Hilltop forts were found scattered across the landscape, indicating there was likely ongoing conflict between kingdoms, or between kingdoms and their neighbors, as they struggled for control of tribute, trade routes and agricultural resources. 

“What all that infrastructure suggests is that people in the countryside in this area were [growing] more than enough food to feed themselves,” says Golden. “They were likely taking it to be sold in markets in the cities, while the people in the cities were making other choices with their time and labor. It begins to help us imagine how people thought about their daily lives, about how they made choices.”

The new findings differ from what was found when other ancient Maya regions were examined with lidar. Some large ancient cities in Belize were surrounded by terraces built for agriculture, while people on the Yucatán Peninsula built extensive agricultural landscapes that had no large cities.

This diversity of human-modified landscapes across the Maya world is a key discovery, says Golden. 

“The Maya are often viewed as a cautionary tale about climate change — this great civilization collapses simply because of a drought. Well, that’s not quite what happened,” he says. “And even if drought were a significant problem, everybody was facing that climate change differently.”

Golden believes researchers should try to understand the collapse as an avoidable outcome of Maya leaders’ political choices. For example, he says, “the rulers of places like Piedras Negras chose to bolster the wealth and power of nobles in their courts who governed people in the countryside.” This helped the rulers maintain and expand their own power for a long time. But, eventually, the nobles in the countryside became powerful figures in their own right, and people paid less and less attention to the ruler, weakening his authority.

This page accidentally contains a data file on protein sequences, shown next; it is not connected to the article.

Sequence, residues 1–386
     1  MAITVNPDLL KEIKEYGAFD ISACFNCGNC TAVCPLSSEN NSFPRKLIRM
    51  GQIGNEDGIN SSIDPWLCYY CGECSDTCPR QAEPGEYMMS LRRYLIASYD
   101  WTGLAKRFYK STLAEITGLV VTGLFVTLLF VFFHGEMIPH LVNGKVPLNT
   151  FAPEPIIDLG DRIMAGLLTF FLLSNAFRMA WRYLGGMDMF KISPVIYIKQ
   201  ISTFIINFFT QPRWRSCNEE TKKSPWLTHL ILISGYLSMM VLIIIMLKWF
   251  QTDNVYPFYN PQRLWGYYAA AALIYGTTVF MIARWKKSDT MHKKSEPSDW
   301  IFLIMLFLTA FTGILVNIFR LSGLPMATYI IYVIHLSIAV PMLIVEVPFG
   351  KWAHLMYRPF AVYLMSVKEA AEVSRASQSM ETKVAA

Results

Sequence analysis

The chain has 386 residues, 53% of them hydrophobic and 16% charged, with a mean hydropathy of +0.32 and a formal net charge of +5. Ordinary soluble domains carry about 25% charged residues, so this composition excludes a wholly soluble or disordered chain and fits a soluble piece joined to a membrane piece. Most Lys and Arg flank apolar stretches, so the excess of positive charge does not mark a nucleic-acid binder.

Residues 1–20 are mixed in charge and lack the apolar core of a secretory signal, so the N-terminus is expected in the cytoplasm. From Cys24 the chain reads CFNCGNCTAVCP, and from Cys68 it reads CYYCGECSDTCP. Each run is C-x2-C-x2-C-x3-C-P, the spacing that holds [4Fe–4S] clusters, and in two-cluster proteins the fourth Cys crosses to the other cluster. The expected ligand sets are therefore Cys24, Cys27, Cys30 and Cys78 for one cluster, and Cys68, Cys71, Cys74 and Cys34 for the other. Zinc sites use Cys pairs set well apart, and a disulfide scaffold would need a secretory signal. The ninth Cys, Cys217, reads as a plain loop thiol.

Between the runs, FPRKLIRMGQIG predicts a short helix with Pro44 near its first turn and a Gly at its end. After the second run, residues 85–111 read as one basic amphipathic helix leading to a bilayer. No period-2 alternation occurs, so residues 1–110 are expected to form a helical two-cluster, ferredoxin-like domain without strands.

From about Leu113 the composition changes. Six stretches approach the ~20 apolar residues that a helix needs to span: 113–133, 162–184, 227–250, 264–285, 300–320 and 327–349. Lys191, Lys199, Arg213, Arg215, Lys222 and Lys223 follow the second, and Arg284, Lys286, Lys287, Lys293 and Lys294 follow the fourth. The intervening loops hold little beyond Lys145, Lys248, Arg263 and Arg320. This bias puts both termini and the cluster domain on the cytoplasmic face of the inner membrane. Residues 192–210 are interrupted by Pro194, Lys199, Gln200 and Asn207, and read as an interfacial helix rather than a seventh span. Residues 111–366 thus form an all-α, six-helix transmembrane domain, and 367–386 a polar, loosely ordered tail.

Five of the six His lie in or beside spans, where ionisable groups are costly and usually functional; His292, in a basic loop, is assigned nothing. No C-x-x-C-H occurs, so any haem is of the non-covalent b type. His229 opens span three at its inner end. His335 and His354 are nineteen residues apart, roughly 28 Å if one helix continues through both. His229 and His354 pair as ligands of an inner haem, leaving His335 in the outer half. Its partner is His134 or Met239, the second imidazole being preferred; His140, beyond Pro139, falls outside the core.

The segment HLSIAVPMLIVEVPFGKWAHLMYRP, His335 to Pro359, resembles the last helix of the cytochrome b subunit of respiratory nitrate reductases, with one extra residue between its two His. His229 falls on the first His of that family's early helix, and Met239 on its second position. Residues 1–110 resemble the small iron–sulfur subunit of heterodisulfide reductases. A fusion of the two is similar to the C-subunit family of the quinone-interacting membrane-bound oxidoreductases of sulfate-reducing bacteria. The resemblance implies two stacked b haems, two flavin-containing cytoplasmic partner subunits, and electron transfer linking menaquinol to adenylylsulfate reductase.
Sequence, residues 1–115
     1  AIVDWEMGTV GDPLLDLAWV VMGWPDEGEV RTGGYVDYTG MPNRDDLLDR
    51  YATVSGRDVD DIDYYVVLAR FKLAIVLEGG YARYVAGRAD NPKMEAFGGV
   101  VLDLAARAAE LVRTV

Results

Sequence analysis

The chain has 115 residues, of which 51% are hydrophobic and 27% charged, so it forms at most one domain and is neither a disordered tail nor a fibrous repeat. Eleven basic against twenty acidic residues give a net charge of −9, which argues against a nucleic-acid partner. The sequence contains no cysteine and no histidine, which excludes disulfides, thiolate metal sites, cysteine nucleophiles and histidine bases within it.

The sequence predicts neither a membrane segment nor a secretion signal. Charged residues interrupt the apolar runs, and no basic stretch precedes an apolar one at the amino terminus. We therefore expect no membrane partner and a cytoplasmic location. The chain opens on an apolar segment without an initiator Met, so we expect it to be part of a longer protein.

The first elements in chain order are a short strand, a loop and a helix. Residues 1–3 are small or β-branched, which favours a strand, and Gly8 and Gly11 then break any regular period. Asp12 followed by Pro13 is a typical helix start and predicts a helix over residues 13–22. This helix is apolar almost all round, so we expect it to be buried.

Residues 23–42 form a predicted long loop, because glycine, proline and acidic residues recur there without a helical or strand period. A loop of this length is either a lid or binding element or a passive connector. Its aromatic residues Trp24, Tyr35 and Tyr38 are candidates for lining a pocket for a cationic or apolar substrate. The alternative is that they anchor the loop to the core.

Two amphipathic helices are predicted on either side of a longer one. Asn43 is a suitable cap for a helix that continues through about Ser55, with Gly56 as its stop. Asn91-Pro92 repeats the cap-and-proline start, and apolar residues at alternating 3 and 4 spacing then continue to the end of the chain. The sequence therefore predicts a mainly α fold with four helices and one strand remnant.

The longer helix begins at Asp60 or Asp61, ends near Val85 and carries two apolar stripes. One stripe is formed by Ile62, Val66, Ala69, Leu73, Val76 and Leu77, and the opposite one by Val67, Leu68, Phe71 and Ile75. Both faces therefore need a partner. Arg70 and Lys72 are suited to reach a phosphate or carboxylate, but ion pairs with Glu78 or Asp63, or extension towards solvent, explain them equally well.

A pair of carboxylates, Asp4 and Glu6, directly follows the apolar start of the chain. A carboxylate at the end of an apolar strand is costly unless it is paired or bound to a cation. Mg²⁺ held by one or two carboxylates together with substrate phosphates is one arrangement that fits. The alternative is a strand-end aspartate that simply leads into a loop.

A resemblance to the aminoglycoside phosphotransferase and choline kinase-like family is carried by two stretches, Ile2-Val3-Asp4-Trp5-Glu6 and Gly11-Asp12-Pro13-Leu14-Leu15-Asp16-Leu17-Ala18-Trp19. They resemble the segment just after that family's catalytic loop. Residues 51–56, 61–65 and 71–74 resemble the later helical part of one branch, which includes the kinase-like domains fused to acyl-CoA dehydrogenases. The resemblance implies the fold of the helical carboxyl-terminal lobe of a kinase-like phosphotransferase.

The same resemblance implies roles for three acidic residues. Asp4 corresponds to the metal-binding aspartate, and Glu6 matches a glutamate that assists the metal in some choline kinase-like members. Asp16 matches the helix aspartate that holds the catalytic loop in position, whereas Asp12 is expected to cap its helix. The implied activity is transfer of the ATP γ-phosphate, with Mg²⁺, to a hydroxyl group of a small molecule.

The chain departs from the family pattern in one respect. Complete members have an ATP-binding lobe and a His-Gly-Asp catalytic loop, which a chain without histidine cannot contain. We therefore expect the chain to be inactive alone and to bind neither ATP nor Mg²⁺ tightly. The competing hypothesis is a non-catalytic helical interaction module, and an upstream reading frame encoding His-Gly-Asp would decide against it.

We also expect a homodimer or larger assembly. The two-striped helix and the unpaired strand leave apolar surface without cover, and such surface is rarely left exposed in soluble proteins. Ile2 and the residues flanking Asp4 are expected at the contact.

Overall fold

Three black-and-white lidar images of areas that were once Maya kingdoms.
Courtesy Charles Golden
HUMAN-MADE CHANGES: Lidar images of Lacanja Tzeltal (top left) and La Mar (bottom left). In the lidar image of Piedras Negras (right), the ancient architecture has been outlined in black.

During the pandemic, Golden and Scherer, along with undergraduates, graduate students and colleagues from Brandeis; Brown University; McMaster University, in Ontario, Canada; the National Autonomous University of Mexico; and the University of Florida, collaborated via teleconferencing and partnered with the region’s local communities to verify data.

The next phase of the research will involve examining the region at ground level, which COVID travel restrictions have prevented so far.

“From the lidar data, we believe we are beginning to understand where people were living, how people were engaging in defense and agriculture, and modifying the landscape,” Golden says. “But all we have are hypotheses until we can get back there and get on the ground.”

Golden and Scherer’s research was funded by the Alphawood Foundation, the National Science Foundation, and the Social Sciences and Humanities Research Council of Canada, as well as the Theodore and Jane Norman Fund for Faculty Scholarship, and the Jane’s Faculty Development Grant from the Latin American, Caribbean and Latinx studies program at Brandeis.